Mr. Balfour visited Edinburgh yesterday week and made two admirable
speeches, the first in connexion with the Victoria Hospital for Consumption, the second at the opening meeting of the Jubilee session of the Philomathic Society. After an address from Lord Salvesen on the art of public speaking, Mr. Balfour made some excellent remarks on the essentials of this difficult art. He did not deprecate the study of elocution, so long as the student avoided the tricks and mannerisms taught by its professors. "After all, the art of public speaking was but the art of public conversation raised to a higher level." The two great qualifications for a speaker were, first, the getting in touch with his audience ; and next, the forgetting of himself in his desire to persuade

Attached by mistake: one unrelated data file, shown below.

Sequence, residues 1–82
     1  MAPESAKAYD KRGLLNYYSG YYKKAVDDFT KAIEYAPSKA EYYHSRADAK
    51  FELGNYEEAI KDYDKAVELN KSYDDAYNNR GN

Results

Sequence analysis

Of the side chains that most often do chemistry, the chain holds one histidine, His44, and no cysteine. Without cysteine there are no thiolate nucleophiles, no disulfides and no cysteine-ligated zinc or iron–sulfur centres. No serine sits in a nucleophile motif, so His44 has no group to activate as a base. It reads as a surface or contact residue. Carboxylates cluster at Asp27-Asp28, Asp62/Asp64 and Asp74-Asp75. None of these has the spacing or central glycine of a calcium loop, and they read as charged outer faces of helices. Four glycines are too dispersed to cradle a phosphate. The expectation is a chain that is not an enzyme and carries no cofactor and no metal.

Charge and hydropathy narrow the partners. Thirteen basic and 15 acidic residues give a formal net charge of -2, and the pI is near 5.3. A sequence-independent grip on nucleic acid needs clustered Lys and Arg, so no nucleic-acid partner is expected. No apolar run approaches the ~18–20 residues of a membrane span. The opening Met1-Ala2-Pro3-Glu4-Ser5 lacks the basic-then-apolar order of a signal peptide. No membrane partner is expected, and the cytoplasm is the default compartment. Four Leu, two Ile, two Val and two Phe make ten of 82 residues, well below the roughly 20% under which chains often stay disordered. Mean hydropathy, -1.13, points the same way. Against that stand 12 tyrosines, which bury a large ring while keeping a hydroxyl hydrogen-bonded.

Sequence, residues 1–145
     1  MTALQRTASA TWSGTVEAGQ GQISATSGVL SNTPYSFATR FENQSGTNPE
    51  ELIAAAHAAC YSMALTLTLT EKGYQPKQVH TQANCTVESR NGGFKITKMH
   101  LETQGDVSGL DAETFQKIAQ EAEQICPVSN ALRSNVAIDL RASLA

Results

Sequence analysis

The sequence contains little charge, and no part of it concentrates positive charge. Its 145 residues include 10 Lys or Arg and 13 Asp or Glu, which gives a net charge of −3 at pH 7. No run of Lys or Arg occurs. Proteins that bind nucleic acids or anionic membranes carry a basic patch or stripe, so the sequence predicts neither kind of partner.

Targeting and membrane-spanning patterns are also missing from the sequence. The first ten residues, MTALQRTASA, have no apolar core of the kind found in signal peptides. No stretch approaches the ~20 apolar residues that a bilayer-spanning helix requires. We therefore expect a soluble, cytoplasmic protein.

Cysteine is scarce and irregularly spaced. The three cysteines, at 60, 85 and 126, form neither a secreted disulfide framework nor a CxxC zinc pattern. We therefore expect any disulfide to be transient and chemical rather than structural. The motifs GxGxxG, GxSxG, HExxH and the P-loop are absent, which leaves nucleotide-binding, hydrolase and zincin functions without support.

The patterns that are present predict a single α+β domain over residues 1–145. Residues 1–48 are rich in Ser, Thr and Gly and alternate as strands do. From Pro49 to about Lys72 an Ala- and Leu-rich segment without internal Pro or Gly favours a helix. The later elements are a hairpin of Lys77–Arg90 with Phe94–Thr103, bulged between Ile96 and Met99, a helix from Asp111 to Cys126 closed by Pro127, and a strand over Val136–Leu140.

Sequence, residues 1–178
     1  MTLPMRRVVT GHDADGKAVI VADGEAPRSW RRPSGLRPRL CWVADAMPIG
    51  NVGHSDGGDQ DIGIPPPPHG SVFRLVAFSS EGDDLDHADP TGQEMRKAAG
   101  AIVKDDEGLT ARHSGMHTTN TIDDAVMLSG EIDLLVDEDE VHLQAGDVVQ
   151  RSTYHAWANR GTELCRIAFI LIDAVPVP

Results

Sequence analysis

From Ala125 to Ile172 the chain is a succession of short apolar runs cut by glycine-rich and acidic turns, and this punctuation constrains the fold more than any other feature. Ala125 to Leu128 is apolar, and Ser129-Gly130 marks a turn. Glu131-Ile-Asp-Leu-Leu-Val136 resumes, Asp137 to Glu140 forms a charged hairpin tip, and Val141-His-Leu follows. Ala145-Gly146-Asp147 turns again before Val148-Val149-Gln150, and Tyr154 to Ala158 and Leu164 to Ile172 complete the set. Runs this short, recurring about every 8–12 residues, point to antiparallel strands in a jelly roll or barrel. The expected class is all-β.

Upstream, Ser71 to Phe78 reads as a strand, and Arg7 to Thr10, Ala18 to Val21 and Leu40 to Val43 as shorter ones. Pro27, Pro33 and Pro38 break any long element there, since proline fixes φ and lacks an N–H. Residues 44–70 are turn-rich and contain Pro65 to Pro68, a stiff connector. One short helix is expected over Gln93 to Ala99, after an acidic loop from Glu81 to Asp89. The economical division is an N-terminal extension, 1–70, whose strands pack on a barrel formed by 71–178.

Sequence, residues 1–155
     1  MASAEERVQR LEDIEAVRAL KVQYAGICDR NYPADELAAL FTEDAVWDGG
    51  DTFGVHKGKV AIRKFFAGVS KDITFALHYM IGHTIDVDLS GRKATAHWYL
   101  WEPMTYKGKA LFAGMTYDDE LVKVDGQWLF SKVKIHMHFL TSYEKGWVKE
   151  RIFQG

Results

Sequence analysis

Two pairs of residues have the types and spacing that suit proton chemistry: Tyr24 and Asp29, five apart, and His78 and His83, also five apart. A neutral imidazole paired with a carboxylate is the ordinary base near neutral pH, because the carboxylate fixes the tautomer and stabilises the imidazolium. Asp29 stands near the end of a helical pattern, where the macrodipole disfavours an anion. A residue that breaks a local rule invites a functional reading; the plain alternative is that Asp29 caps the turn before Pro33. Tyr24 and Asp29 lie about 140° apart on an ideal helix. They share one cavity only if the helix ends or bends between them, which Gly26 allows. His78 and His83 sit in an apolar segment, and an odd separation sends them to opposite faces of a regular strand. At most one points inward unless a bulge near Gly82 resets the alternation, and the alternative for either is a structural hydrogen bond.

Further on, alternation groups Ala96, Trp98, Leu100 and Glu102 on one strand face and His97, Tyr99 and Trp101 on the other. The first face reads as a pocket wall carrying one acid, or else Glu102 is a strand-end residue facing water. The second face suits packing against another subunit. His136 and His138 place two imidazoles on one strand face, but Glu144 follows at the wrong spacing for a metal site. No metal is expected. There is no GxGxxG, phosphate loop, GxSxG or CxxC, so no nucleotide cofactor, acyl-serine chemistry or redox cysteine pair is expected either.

and interest them. But these were worthless unless a speaker had got something to says—something that he had
thought of before, not casually but deeply. Personal mag- netism and knowledge could outweigh the faultiest diction. In conclusion, Mr. Balfour declared that the greatest speeches were not those which read best, and instanced those of Mr. Gladstone, who had every single resource of oratory at his disposal,—humour, invective, expression, and the power of holding an audience even on the most intricate and driest matters of detail.